2020 has been horrible. It has been, and it is, awful. I’m a writer, but I don’t have the words for every way this year has disappointed, hurt, scared, and tested me and everyone I know.
It’s almost over.
But before we can put the corpse of this year in the ground, we have to deal with our feelings about it. These feelings may be unpleasant and uncomfortable, but ignoring them so we can jump to the next step of celebrating? That’s like leaving a wound to fester while putting on your favorite party clothes. That nastiness is going to come through eventually, so better to treat it and clean and bandage the wound, before you get your nice things dirty.
Horror for a Horrible Time
That’s where horror comes in for me. Reading fiction, watching movies, and playing games that engage with our darker side is a kind of release valve, a way to name my fears and face them in a less risky environment. It can seem counterintuitive, to linger in the darkness when all you want is some gods damned light, but like funerals, enacting a ritual to recognize, validate, and put these feelings to rest is a healthy way to process and move on. And games are rituals. We gather around tables and computer screens, with favorite beverages and special tools, and tell stories together using ceremonial phrases, and in doing so, create a liminal space. It’s just far enough away from our daily lives that we can indulge ourselves, or escape, or turn our gaze inwards. Since I also make games, it lets me take some of those inner thoughts and put them into a form other people can engage with. And since some of those thoughts are dark, they can be horror games, or have horrific aspects to them.
Often in horror stories, it is someone in mourning, who has lost someone close, who is able to see ghosts. They are outside time, outside normality, and it is only by putting the ghost to rest that they’re able to return to normal life in the sunshine. We have all lost so much this year, we are all seeing ghosts. We are seeing them in our uneasiness at big crowds in movies, in our children’s faces as they play alone, in the mirror when we feel overwhelmed. This is a trauma we are all collectively experiencing, and trauma does not just go away. Sometimes you have to hack away at it several times before you get it all. I don’t know how deep this particular trauma is for all of us, but I know I will be processing it through as many different ways as I need to until it’s laid to rest.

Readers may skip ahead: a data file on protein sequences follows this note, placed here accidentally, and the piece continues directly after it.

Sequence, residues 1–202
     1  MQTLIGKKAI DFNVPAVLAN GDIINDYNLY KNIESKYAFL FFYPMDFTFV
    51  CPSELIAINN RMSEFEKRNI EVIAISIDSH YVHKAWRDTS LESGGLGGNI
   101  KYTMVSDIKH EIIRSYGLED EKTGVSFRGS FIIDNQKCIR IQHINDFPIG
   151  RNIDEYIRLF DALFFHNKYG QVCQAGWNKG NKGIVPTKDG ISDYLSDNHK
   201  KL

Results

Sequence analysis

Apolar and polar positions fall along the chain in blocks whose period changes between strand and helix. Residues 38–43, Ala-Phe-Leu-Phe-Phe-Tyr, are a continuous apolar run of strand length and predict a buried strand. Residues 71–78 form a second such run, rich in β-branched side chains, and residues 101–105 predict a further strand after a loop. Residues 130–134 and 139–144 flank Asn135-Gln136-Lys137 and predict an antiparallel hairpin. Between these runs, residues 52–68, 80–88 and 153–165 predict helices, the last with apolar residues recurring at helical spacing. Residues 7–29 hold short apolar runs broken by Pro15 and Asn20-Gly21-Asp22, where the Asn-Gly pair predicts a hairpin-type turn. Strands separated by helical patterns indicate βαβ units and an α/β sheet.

Forbidden (Self) Knowledge
In other stories, it is some forbidden tome that people seek, and it frequently turns out to be a form of self-knowledge they find that is awesome enough to tear open reality or the gates of hell or wherever the bad guys are hanging out. Looking inwards can be hard. It can suck. It can be healing and rewarding. This is not to say that games can replace therapy, or you should use your unwitting GM as a therapist (really. don’t.), but engaging with horror can sometimes lead us to find out fears and emotions we weren’t aware we had until that moment, recognize them, and release them. There’s a structure there in games to keep us safe, a conscious shutting down of reality, and a bounded place to explore what’s hiding in our dark corners. Games are especially good at this, using metaphor to let us poke at things indirectly, until we achieve a form of catharsis. I’ve learned a lot about myself this year, and some of it I still struggle to integrate with the rest.
And then there are the monsters. They can be dismissed as childish, but it is a primal fear, a deep one, that causes that dismissal. Monsters can stand in for the awfulness of human behavior, or the threat of something or someone intending us harm, or ourselves. And if there’s a little part of us that recognizes sameness in those monsters, that feels a twinge when the heroes righteously end the monster, does that mean we wish that little part of us would also end? That path is a difficult one to walk, and I’ve come to know parts of myself that aren’t as nice or good as I wish, and so have that to learn from, and try to change.
Darkness, My Old Friend
When the world is dark, I dive into stories of unknowable gods and hidden terrors. I put on movies featuring vivid gore and moving shadows. I run games that focus on the unpleasant and scarring. These fictional horrors are sometimes easier to face than the plain facts that fill our TVs. Better a man in a rubber suit threatening our sanity than the everyday banality of evil we’ve come to know. It’s easier to see myself in ridiculous monstrosity, than in realistic indifference. Yet I have found feelings and thoughts I would never have guessed I had come out of my mouth while gaming. It’s easy to brush it off as being “in character”, but some of it is based in truth, and once I’ve allowed myself to acknowledge it, I’ve been able to put it away, or learn to do better, or understand where that hurt came from. I’ve been able to examine and mourn things or people I’ve lost, including parts of myself. I check in with my players more frequently. I let the bad be really, really bad. I hold space for them after, and take time to talk about normal, silly things, to help the world feel normal. That contrast between the horror we all just played through and the real world is all the sharper then, and beautiful for it.
That is my hope as we come to the end of this terrible year. That perhaps a horror game allows us, privately, secretly, to acknowledge the hurt and harm we’ve all endured, and to put that fucker in the ground before we celebrate our victory over it. For the other lesson horror has taught me, is you make damn sure the monster is dead before you hold your loved ones close. Let’s not make that mistake.